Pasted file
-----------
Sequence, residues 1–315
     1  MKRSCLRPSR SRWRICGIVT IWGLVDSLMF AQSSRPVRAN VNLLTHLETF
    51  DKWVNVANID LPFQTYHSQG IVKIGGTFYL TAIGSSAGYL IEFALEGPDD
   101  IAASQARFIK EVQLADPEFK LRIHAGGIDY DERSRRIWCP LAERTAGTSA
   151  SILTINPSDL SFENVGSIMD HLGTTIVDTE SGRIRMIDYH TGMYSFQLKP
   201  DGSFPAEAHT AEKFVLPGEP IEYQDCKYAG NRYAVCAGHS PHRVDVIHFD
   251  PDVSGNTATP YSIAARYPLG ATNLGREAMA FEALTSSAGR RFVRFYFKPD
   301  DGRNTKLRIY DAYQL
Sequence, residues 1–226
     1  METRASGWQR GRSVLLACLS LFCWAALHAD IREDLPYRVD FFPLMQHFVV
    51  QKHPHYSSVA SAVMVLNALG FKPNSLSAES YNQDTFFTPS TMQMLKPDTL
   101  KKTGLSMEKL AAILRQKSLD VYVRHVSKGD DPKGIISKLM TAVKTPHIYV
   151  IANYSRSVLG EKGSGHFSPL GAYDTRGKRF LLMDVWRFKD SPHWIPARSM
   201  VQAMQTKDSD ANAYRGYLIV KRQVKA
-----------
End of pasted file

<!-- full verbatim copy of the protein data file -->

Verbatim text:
Sequence, residues 1–315
     1  MKRSCLRPSR SRWRICGIVT IWGLVDSLMF AQSSRPVRAN VNLLTHLETF
    51  DKWVNVANID LPFQTYHSQG IVKIGGTFYL TAIGSSAGYL IEFALEGPDD
   101  IAASQARFIK EVQLADPEFK LRIHAGGIDY DERSRRIWCP LAERTAGTSA
   151  SILTINPSDL SFENVGSIMD HLGTTIVDTE SGRIRMIDYH TGMYSFQLKP
   201  DGSFPAEAHT AEKFVLPGEP IEYQDCKYAG NRYAVCAGHS PHRVDVIHFD
   251  PDVSGNTATP YSIAARYPLG ATNLGREAMA FEALTSSAGR RFVRFYFKPD
   301  DGRNTKLRIY DAYQL
Sequence, residues 1–226
     1  METRASGWQR GRSVLLACLS LFCWAALHAD IREDLPYRVD FFPLMQHFVV
    51  QKHPHYSSVA SAVMVLNALG FKPNSLSAES YNQDTFFTPS TMQMLKPDTL
   101  KKTGLSMEKL AAILRQKSLD VYVRHVSKGD DPKGIISKLM TAVKTPHIYV
   151  IANYSRSVLG EKGSGHFSPL GAYDTRGKRF LLMDVWRFKD SPHWIPARSM
   201  VQAMQTKDSD ANAYRGYLIV KRQVKA